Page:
Pick and Roll and Pop and Pick and Roll and Pick

Today a short basketball rumination and tutorial. With the Celtics in a serious playoff run for the first time since I was in college (yes, they made the East Finals in 2002, but that doesn’t count because even if they won they’d have been crushed by the Spurs or whoever) I’ve been watching some NBA basketball on TV lately. One thing I have come to realize is that I’m really tired of watching the pick and roll.

The pick and roll is to basketball what 44 time is to pop music. It is foundational and yet infinitely varied. When run with creativity and flare it is a beautiful thing to watch in addition to being nearly impossible to defend. The basic principle is to set up the guy with the ball in a spot on the floor and bring one other player over to set a pick, or a screen. The ball handler moves so that his man runs into the screen. Timing is important. The screen can’t set up too early, or the defender can just run around it. It can’t set up too late, because then the defender will draw a foul.

OK. So let’s assume that we get a good screen on the ball-handler’s defender. Now here is the situation. You have two offensive players and two defensive players. The screen has just knocked one of the defenders off the ball. At this point, the defense has essentially three choices:

1. Have the defenders switch. Often this results in a big guy guarding a small guy or the other way around. In either case it makes scoring easier. The offensive team can, at this point, take advantage of this mismatch and force the defense to help, which leaves someone on the floor open for a quick pass and a good shot.

2. Trap the ball. In this scheme, both defenders jump out on the guy with the ball hoping to tie him up. The problem here is that typically you run this play with a guy who can pass. So, when the double team happens the guy who sets the pick is now free to cut to the hoop (if the double went to the outside) or step to open space to the outside (if the double team went inside). In either case he gets a pass for a wide open shot, often a dunk.

3. Fight over or under the pick. Here the guy being screened will fight through the screen and try to stay with the guy with the ball. This will take some time, so the second defender must rotate out to the guy with the ball then back to his man. This is like a soft double team, and if done badly leaves the ball handler with a free shot, or a free lane to the hoop.

There are endless variations on these options. You can pick and by design roll to the outside or inside and set up a give and go. You can fake the pick and cut back door. You can split the double team and score or pass off for an open dunk before the help defense arrives. There are infinite possibilities, if you are good at this. When set up and executed well, there is really nothing the defense can do against it. You need an alert and fast team defense to keep every pick and roll from being a sure score. So, what’s not to like? It sounds like a sound tactic for the offense to use every chance it gets.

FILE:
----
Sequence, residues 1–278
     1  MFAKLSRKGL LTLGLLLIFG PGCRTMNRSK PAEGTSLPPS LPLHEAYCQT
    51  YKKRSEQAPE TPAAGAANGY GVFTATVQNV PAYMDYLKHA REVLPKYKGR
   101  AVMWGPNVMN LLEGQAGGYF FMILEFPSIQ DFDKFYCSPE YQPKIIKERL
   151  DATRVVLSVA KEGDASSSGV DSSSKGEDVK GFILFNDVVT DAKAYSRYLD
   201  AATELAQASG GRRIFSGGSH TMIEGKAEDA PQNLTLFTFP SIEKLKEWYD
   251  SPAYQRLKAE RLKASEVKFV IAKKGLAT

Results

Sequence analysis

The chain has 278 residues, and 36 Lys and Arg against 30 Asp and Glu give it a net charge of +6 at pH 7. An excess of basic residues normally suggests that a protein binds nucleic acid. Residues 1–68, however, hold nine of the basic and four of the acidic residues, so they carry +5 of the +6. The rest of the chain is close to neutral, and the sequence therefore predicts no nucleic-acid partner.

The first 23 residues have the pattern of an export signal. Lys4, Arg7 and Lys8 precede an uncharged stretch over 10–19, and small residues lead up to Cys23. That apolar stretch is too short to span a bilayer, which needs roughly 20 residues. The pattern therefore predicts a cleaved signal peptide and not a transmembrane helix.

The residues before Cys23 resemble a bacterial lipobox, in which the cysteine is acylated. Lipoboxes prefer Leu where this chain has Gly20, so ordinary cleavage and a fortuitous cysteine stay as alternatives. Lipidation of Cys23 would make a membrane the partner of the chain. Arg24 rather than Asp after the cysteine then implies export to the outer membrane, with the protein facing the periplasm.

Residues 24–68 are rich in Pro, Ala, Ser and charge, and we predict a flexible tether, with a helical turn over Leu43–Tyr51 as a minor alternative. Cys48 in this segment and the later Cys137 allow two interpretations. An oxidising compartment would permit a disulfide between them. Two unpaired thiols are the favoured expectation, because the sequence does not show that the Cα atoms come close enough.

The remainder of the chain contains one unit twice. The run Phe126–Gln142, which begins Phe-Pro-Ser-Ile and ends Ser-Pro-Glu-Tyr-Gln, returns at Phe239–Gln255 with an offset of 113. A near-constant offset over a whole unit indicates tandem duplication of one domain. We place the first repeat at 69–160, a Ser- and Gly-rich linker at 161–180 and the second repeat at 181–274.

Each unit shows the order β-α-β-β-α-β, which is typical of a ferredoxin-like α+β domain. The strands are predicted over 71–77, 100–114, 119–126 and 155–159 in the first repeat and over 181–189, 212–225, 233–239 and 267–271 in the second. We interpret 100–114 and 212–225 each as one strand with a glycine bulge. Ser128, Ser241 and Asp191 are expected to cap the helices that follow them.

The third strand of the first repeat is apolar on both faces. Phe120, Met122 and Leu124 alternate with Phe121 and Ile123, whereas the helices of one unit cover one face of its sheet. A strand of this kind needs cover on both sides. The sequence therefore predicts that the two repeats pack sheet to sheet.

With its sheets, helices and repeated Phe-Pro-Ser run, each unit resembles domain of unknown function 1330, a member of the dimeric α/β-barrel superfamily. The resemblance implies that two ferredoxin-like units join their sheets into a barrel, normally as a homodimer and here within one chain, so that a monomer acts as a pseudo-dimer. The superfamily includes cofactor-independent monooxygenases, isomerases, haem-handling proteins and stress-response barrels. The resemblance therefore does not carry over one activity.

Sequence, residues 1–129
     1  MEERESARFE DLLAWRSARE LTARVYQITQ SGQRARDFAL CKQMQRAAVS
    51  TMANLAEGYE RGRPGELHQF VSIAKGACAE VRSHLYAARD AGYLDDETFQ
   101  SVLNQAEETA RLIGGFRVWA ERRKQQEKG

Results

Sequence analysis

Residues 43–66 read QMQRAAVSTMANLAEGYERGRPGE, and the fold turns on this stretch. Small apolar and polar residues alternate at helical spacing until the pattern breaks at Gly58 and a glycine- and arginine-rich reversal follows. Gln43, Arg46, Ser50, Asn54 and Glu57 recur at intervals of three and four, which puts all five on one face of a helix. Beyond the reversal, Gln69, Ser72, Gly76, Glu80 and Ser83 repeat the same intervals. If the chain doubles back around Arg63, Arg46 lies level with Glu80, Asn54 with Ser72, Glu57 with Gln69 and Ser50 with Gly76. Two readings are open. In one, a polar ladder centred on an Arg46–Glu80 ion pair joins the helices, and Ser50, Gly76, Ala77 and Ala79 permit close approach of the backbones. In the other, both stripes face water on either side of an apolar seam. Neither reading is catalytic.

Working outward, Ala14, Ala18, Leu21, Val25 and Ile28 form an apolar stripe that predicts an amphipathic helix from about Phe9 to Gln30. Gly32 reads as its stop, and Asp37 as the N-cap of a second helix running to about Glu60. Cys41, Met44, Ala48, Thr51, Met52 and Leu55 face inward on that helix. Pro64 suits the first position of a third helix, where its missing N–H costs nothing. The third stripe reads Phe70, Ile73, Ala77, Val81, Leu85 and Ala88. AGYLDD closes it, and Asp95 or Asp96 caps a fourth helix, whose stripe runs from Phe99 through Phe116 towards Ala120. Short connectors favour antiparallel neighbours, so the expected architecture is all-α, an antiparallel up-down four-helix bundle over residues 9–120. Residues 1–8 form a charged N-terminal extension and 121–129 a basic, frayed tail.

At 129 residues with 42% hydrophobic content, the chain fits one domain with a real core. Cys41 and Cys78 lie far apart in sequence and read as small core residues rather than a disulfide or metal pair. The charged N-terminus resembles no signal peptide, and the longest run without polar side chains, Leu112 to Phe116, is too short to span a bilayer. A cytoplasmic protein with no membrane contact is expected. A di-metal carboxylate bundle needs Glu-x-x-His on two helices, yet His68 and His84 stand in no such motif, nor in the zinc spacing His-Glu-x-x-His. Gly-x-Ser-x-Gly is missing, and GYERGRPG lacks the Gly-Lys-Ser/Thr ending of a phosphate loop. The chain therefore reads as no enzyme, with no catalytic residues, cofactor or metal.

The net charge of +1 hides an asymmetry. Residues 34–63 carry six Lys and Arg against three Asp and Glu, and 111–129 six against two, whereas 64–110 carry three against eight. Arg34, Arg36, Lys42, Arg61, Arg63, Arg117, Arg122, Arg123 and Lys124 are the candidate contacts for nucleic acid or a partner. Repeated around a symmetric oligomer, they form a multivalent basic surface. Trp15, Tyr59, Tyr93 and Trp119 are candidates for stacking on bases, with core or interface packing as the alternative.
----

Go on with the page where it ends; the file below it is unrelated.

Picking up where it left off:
There are three problems.

First, team defenses in the NBA are good enough that you have to be really good at the pick and roll for it to be effective. Help defense and quick rotations from the weak side cut off those easy cuts and step back jumpers. Quick hard traps make it difficult for the ball handler to actually make a move or a pass against the defense.

Second, hardly anyone is really good at running this offense.

Third, some teams run this play almost every trip down the floor, making themselves predictable and easy to defend.

Take Cleveland in their most recent series with Boston. They played entire games where the only half court set they ran was “Give the ball to Lebron 25 feet from the basket and watch him dribble for 15 seconds or so. Then run a high pick and roll with one of his stiff big men who can’t shoot or move and then let Lebron try and score 1 on 5.” Sometimes they changed it up and ran the high pick and roll with a small guy instead. This is not only bad basketball, it’s horrendous to watch as well. No wonder they shot something like 40% from the field for the entire series.

Even in the “classic” game 7, most of the offensive sets on both sides of the floor were pick and roll plays with Lebron or Paul Pierce. Once in a while the ball would be moved without being dribbled, but not often.

My question is, where has the creativity gone on offense? Are team defenses just so good now that the creative half court offense with a lot of motion and ball movement has died?

Back in the day (he said, pulling out his walker and cane) the Celtics (say) had four or five distinct offensive sets. There were isolation plays, pick and roll, the low post inside/outside stuff, and various plays that would run Bird or whoever off a series of picks along the baseline or up and down the lane. Back then we used to make fun of Utah because their only offense was the pick and roll with Stockton and Malone. Utah never won it all because their only offense was that pick and roll.

These days it seems like every team is Utah. There are exceptions. I actually saw Boston run a few different things, especially for Ray Allen, which didn’t really work. The Spurs play a thuggish and clunky offense, but it does feature effective ball movement and a few different sets rather than the endless dribbling that is indicative of the game these days. I’m sure New Orleans has more in their bag of tricks than the sorry offense they showed in their game 7 tonight, but I haven’t seen it.

Anyway, don’t get me wrong. The pick and roll is a wonderful thing and a classic distillation of offensive basketball tactics. But it’s boring to watch 80 pick and roll plays a night. This is me begging the NBA for teams that do something else once in a while. Otherwise the NBA will become a place where nothing but boring happens.